The Oklahoma Senate last week passed what one senior living association is calling a “compromise bill” requiring long-term care facilities to have a visitation plan in place for future public health emergencies. The measure is headed to Gov. Kevin Stitt for consideration.
House Bill 2566, introduced by Rep. Chad Caldwell (R-Enid) and in the state senate, Sen. Greg McCortney (R-Ada), requires assisted living communities, nursing facilities, adult day centers and residential care homes to provide residents “reasonable access” to family, compassionate caregivers, essential support persons and the Oklahoma long-term care ombudsman. The bill also requires operators to submit visitation plans to the Oklahoma State Department of Health.
“For every family member who wanted visitation, there was another family member who was concerned about the spread of COVID in a long-term care community and the increased risk with visitation,” LeadingAge Oklahoma Executive Director Mary Brinkley told McKnight’s Senior Living. “This bill was a compromise bill that will bring more consistency to visitation policies in long-term care communities throughout the state. Family members struggled to understand why some providers had restrictive policies while others were much more open for visitation.”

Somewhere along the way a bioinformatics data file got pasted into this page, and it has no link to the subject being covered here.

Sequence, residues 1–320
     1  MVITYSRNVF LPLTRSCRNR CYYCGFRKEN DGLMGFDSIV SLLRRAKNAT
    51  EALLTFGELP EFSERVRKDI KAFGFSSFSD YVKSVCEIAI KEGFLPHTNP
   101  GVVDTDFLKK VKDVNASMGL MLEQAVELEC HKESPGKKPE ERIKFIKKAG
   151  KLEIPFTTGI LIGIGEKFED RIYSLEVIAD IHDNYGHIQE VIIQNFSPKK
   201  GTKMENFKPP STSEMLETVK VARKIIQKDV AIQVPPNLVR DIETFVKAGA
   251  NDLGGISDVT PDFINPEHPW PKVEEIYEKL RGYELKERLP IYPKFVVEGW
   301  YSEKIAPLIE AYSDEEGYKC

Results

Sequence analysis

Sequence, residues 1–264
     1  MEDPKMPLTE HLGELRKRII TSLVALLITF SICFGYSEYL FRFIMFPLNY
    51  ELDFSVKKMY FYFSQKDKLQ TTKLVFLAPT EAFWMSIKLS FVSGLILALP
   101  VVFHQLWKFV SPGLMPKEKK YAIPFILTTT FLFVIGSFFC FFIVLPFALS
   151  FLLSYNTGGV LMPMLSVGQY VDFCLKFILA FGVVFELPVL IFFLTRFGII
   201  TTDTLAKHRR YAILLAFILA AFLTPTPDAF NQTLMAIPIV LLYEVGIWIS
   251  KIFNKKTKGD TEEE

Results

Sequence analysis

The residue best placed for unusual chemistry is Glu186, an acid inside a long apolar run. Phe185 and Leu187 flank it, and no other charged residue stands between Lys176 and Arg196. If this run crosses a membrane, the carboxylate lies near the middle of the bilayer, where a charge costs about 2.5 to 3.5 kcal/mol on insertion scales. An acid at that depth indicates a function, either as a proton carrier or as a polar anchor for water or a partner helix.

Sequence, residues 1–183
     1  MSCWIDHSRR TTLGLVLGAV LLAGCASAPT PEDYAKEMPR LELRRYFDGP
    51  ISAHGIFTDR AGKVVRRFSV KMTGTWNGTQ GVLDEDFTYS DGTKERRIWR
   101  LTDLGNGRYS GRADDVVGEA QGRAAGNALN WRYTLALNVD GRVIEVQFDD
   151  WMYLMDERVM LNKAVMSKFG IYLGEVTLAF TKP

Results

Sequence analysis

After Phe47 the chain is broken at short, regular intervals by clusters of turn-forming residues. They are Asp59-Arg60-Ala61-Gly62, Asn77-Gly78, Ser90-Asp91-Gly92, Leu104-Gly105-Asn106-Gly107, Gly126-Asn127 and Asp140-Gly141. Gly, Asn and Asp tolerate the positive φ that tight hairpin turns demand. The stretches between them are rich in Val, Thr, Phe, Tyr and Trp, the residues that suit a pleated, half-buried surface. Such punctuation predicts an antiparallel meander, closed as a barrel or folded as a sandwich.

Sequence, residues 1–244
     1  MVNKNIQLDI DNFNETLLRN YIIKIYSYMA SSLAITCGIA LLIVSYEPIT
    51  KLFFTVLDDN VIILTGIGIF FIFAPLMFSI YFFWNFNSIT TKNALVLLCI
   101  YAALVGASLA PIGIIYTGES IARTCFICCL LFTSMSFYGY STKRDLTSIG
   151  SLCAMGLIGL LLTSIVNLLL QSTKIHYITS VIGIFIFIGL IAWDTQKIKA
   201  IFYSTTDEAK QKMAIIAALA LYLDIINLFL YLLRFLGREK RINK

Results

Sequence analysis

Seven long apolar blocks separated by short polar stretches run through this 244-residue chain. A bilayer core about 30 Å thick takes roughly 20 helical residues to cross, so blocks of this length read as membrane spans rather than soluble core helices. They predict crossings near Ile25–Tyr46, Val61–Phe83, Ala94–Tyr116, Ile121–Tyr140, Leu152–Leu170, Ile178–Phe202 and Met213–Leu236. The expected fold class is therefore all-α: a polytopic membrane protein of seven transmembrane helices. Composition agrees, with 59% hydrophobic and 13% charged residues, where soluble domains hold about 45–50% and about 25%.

The bill passed on the same day the Sooner State announced an update to its visitation guidelines to allow visitors who have completed state-certified essential care training to visit a loved one in a long-term care facility.
The bill goes a step further than the updated visitation guidelines, Caldwell said in a statement, because access to residents is ensured unless the Centers for Medicare & Medicaid Services or the Oklahoma State Department of Health explicitly prohibit visitation or access by outside health care agencies.
Strict no-visitor policies instituted during the COVID-19 pandemic were meant to reduce the spread of the virus and save lives, but they took a toll on the mental and emotional health of residents, McCortney said in a statement.
“I’ve heard from many Oklahomans who said their loved ones declined markedly during the pandemic because of the lack of in-person contact with their families. Even though the goal was to protect the health of everyone involved, the isolation was devastating,” McCortney said. “The point of this legislation is to take the lessons we’ve learned from COVID-19 and make sure that going forward, long-term care facilities have a plan in place so that visits can safely continue.”